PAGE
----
I have a question Let γ be the circular contour, positively oriented, with centre 0 and radius 8. Compute the following integral

$$\int \frac{5!\cos(z)}{(z-2\pi )^6}$$

I used the formula $$f^n(a)= \frac{n!}{2\pi i}\int \frac{f(z)}{(z-a)^{n+1}}$$

So I wrote $$f^n(a)=\frac{5!}{2\pi i} \int \frac{\cos z}{(z-2\pi)^6}$$

= $$\frac{5!}{2 \pi i} . \frac{2 \pi i}{5!}.f^5(2 \pi)=1$$

I'm new to Cauchy integrals so I'm not sure if I did this right help would be really appreciated.

  • $\begingroup$ Is $f^{(5)}(2\pi)=1$? $\endgroup$ – 민찬홍 Nov 18 '17 at 14:43
  • $\begingroup$ math.stackexchange.com/questions/2526074/… $\endgroup$ – Guy Fsone Nov 18 '17 at 14:52
  • $\begingroup$ I wrote f(z) as cosz and I f^5 (cos(z))=cosz so it would be cos 2pi if im not mistaken? $\endgroup$ – Sarah Angel Nov 18 '17 at 14:53
  • $\begingroup$ @SarahAngel No it is $-\sin z $. $\endgroup$ – 민찬홍 Nov 18 '17 at 15:02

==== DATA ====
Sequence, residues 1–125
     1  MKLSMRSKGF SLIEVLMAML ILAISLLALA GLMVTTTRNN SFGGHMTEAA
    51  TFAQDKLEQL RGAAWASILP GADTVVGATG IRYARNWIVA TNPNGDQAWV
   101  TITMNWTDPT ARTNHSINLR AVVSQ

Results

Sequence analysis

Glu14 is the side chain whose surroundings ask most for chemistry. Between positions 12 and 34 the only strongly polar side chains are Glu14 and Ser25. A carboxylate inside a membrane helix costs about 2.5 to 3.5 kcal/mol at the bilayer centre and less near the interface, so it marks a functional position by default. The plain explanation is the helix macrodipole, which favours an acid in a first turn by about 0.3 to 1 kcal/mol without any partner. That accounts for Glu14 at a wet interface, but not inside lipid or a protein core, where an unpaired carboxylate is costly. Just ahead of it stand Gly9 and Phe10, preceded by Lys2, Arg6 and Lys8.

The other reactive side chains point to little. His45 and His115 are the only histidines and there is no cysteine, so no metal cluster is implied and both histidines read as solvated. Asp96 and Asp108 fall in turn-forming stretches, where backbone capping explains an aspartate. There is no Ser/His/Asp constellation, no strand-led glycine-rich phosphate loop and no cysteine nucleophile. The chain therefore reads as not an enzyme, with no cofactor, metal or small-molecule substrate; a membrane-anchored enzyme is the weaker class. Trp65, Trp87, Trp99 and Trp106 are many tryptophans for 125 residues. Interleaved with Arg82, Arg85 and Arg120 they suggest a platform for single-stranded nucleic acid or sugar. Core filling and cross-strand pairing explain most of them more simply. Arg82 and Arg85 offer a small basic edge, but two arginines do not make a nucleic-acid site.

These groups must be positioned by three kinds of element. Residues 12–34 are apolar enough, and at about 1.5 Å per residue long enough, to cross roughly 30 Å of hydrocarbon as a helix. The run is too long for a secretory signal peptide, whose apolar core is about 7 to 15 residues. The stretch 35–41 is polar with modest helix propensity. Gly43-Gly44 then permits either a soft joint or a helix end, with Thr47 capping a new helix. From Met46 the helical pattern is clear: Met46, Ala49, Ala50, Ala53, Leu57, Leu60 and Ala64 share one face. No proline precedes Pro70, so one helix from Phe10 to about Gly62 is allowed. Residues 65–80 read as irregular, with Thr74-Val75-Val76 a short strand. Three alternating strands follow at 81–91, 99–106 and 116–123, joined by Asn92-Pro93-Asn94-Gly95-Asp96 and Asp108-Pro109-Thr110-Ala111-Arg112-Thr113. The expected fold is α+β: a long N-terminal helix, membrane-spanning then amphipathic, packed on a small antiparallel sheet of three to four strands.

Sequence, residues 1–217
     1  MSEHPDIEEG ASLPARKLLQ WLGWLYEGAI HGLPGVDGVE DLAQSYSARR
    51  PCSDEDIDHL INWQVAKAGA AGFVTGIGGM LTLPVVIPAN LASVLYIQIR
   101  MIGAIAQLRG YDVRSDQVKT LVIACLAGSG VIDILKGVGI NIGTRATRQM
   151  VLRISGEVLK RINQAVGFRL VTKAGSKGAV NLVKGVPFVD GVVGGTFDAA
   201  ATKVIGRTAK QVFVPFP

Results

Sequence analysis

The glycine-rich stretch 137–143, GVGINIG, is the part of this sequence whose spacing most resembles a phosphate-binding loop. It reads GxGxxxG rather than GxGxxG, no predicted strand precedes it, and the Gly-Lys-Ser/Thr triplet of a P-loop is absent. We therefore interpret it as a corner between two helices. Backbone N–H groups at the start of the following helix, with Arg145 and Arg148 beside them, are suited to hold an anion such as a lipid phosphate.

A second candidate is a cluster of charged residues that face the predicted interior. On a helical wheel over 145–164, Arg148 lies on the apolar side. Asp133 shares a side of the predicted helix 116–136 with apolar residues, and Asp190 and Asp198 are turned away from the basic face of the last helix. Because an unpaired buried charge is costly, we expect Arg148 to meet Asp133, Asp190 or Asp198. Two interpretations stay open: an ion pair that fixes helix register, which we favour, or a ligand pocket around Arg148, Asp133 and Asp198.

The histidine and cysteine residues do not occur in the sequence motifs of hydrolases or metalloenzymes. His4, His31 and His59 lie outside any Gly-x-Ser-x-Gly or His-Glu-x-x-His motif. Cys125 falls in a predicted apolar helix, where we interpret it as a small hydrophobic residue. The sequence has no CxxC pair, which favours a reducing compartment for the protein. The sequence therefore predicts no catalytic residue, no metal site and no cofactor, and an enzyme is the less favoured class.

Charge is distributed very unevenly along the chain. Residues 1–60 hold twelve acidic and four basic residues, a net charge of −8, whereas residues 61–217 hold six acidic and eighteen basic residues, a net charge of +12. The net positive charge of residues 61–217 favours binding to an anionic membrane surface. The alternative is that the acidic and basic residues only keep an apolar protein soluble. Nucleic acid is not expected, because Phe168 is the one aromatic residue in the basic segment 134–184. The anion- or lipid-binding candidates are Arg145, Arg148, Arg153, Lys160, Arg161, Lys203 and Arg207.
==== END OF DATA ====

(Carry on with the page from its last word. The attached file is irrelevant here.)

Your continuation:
There's a problem concerning the notation: it's $f^{(n)}$, not $f^n$. Besides, when you write:$$f^{(n)}(a)=\frac{5!}{2\pi i}\int\frac{\cos z}{(z-2\pi)^6},$$

  • $\mathrm dz$ is missing;
  • $\gamma$ is missing;
  • you don't tell us what $a$ is.

But the idea is correct.

  • $\begingroup$ and the parenthesis in the exponent means that many number of times differentiated, or am i tired? $\endgroup$ – mathreadler Nov 18 '17 at 15:40
  • $\begingroup$ @mathreadler Yes, that's what it means. $\endgroup$ – José Carlos Santos Nov 18 '17 at 15:41
  • $\begingroup$ I just wanted to clarify it as no one else had pointed it out. $\endgroup$ – mathreadler Nov 18 '17 at 15:42
  • $\begingroup$ That was all the information given to me in the question $\endgroup$ – Sarah Angel Nov 18 '17 at 16:03

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